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How TOPS deals with schedules

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In many places, TOPS accepts a range of values in addition to a single value. For example, yield curves, amortization schedules, step-up coupon schedules, and volatility curves, to name just a few. When the input is for a market data item, we often refer to it as a curve (a yield curve, for instance) and when it is something built into the contract, we refer to it as a schedule (for example, notional schedule).


How TOPS interprets schedules may be slightly different than a user intended. This note is meant to clarify what TOPS does when presented with a schedule.


First, the interpretation depends on the type of instrument. Models which take a frequency input, such as BondVal and Swaption, will use the frequency to generate a series of dates for the instrument. Other instruments, like StdOpt, have no frequency, and therefore no associated date series.


In general, for models which have a frequency, the date series is determined by the combination of the frequency and the maturity, along with settlement, weekend, and holiday inputs. In these cases, any dates in an input range for par, or coupon, or anything else that is a schedule, are not used to determine the date series. Instead, TOPS uses the dates in the data series to interpolate on the schedule to determine the relevant value of the item on each date in the date series. For example, given a par schedule, TOPS first uses the maturity and frequency to get cash flow dates, and then for each date, it looks at the schedule to get the proper par for that date.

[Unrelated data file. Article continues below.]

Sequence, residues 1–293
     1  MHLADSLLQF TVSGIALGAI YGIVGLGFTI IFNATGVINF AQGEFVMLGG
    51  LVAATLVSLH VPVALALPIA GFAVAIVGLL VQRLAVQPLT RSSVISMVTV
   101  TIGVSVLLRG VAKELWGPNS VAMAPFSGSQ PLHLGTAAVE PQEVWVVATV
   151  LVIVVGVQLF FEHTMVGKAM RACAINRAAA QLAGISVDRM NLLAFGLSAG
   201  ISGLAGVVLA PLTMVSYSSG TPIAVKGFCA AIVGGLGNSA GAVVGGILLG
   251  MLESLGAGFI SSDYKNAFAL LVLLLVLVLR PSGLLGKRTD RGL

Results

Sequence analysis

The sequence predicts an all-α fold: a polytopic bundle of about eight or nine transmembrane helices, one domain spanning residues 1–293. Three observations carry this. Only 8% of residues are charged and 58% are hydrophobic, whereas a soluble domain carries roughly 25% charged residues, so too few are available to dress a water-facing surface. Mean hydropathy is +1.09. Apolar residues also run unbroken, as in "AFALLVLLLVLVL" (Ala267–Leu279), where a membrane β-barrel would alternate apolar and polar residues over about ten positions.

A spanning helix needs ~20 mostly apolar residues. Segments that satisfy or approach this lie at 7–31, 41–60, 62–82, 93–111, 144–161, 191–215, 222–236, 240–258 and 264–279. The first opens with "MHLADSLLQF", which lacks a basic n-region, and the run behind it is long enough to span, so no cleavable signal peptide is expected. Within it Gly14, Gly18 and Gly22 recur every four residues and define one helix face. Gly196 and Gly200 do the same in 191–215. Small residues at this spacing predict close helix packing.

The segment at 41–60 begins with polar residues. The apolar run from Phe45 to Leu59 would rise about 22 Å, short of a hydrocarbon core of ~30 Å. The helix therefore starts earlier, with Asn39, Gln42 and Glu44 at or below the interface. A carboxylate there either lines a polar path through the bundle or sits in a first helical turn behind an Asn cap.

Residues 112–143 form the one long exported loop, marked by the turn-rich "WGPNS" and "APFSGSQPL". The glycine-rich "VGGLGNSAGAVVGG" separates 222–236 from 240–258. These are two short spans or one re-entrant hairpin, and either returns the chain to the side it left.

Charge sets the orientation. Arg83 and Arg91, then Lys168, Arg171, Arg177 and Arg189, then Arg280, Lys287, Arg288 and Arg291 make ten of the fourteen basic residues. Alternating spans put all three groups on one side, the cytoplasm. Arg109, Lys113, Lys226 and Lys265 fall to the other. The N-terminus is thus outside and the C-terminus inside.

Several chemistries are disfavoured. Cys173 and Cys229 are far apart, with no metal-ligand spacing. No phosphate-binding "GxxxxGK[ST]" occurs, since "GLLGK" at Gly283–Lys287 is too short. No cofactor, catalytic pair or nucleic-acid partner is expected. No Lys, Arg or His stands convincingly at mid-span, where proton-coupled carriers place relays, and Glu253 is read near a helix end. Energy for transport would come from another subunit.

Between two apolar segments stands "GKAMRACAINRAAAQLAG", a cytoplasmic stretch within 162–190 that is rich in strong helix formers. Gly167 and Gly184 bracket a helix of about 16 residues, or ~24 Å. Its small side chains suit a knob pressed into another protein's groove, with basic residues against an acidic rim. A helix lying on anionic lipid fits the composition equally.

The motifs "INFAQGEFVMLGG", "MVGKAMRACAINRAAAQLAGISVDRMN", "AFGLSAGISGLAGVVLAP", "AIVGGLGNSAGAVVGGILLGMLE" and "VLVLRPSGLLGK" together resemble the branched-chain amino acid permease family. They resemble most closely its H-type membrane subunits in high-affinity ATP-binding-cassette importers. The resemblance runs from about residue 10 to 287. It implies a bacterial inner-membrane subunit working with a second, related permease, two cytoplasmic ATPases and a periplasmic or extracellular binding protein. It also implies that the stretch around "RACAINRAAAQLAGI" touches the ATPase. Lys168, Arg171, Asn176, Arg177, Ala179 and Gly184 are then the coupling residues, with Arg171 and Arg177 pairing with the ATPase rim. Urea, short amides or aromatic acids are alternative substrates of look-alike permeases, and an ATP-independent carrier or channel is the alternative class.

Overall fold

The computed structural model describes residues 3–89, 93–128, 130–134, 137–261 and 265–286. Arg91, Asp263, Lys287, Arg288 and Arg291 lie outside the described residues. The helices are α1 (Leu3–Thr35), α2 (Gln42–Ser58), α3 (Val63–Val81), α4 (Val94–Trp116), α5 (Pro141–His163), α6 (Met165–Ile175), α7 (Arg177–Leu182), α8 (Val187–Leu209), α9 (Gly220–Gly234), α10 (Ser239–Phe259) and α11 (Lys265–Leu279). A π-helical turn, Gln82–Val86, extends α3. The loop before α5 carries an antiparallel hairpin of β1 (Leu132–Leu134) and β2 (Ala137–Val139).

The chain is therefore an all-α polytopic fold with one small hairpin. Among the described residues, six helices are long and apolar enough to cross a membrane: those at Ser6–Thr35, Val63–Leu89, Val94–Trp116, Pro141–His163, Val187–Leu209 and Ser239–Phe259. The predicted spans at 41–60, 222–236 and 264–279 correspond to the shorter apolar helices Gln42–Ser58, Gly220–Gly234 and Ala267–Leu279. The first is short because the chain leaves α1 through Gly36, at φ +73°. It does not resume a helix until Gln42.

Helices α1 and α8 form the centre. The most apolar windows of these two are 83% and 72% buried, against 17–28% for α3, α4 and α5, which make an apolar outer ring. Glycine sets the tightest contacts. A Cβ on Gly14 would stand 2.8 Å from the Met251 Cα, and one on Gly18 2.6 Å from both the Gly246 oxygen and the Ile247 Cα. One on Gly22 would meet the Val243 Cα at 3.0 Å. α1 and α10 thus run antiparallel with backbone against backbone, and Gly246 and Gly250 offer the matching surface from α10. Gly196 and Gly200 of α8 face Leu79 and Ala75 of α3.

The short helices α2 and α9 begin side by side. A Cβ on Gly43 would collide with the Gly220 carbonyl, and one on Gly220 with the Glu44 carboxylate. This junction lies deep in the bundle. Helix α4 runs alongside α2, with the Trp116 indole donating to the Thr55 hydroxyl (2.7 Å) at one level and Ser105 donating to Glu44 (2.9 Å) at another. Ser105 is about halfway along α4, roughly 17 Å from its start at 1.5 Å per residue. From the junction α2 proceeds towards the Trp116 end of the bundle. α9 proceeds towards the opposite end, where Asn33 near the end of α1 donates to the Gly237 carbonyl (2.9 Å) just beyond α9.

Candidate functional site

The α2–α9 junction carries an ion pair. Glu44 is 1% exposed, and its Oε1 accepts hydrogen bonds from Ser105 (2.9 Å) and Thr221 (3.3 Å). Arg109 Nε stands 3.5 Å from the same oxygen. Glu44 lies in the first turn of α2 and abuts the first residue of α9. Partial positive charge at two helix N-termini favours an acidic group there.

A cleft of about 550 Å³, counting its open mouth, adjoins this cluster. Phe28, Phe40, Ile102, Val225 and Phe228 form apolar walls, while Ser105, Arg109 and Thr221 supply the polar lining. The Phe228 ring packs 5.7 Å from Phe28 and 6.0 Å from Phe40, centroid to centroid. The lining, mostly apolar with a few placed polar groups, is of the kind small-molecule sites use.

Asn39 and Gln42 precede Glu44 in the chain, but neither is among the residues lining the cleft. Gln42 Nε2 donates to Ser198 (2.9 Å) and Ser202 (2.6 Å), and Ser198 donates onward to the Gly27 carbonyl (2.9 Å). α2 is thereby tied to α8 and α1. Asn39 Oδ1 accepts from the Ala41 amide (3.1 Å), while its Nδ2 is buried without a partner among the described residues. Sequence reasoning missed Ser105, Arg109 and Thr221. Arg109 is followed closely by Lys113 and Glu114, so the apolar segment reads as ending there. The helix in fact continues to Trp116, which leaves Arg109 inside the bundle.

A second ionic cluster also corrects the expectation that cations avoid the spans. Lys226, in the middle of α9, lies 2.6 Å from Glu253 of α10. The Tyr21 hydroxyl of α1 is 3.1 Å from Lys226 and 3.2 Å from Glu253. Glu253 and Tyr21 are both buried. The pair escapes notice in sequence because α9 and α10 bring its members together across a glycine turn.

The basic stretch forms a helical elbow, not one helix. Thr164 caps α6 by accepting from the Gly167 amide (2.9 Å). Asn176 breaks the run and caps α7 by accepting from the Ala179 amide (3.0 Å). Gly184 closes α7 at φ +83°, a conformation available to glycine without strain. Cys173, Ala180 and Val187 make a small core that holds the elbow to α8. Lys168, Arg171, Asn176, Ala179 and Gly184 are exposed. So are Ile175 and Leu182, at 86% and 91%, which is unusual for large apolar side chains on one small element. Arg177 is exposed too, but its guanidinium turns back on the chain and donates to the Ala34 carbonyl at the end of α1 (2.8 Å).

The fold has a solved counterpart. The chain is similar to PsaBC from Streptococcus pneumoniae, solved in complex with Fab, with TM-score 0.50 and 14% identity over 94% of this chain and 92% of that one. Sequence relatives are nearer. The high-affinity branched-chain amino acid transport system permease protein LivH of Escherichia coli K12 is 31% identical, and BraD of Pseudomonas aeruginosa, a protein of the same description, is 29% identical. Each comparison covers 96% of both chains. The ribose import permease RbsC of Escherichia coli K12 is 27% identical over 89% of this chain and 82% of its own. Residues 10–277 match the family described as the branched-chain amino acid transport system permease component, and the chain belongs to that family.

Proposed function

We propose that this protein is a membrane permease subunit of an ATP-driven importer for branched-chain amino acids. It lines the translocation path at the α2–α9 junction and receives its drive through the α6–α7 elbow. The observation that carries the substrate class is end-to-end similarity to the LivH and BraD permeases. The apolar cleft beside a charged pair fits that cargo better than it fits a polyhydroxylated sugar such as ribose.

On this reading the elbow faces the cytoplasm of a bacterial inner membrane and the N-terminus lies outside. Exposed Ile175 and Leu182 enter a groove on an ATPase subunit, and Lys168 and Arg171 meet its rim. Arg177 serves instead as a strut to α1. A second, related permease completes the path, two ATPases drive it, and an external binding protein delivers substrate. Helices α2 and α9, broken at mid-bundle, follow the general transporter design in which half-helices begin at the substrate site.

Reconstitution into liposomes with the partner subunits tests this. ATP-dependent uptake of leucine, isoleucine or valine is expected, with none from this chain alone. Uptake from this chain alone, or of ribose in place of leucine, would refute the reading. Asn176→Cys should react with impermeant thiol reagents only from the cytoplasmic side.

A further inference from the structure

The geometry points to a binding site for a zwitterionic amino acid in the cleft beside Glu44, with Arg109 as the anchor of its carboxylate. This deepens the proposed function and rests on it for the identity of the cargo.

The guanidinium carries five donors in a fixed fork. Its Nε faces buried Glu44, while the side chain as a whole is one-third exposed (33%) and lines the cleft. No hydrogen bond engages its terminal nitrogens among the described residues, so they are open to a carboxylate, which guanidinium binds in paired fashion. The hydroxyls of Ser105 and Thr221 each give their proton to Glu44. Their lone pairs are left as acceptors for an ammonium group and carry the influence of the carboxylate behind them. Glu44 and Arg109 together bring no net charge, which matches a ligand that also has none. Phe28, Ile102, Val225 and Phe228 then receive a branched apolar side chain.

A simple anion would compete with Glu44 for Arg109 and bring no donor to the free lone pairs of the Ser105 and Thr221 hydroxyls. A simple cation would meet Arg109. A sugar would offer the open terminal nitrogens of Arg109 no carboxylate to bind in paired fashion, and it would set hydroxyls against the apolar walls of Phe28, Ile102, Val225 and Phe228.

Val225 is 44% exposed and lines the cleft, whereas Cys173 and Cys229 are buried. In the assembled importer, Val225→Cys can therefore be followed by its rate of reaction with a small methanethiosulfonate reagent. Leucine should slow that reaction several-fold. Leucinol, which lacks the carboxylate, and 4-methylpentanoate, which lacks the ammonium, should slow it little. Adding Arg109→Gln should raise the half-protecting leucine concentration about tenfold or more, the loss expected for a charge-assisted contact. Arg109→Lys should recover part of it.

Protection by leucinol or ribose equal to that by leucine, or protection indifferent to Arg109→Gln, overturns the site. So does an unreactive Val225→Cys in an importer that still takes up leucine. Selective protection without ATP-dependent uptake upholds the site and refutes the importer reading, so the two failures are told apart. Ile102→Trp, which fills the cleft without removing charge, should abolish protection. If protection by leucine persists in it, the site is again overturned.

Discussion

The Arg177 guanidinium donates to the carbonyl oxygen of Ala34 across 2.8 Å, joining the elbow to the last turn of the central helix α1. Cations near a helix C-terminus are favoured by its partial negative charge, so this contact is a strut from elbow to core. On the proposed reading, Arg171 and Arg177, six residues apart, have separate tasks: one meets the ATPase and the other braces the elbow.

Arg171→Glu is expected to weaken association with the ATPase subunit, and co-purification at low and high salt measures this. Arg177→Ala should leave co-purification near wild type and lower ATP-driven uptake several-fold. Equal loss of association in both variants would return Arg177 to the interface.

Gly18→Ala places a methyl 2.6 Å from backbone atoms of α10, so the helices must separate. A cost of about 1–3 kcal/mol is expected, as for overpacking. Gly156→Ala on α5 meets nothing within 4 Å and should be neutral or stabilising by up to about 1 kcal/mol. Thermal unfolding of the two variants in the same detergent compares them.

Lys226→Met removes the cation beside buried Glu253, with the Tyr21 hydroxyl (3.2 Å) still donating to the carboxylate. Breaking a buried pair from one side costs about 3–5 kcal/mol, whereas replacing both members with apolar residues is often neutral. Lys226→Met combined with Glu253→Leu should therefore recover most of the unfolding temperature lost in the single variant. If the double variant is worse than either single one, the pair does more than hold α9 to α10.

So given the following par schedule in (mm/dd/yy format):


6/18/05 100

6/18/06 90

6/18/07 80


If the maturity is 6/23/08, with annual payments, the payment dates are 6/23/06, 6/23/07, and 6/23/08. The par outstanding for 6/23/06 is based on the 6/18/06 value of 90 and the 6/18/07 value of 80. Exactly what ends up being used for the par depends on the interpolation method, but TOPS will be interpolating between those two points (the default for a schedule is None, meaning the par will be 90). So amortization doesn’t occur on 6/18/06, but rather 6/23/06 instead. The schedule is simply used to interpolate to get the real value.


Suppose instead that the schedule were presented a little bit more normally:


6/23/05 100

6/23/06 90

6/23/07 80


and suppose the input for weekends says no payments on weekends and we’re using the preceding convention. In this case, the 6/23/06 date is a Sunday, so it gets pushed to 6/21/06. Now, when TOPS goes to get the par for 6/21/06, it will use 100 instead of 90.


The exception to this rule is when TOPS is dealing with a strip of options, such as with CapFlr and StdStrip. In these models, the par schedule represents not just amortization dates, but option expiration dates, as well, overriding the frequency input.

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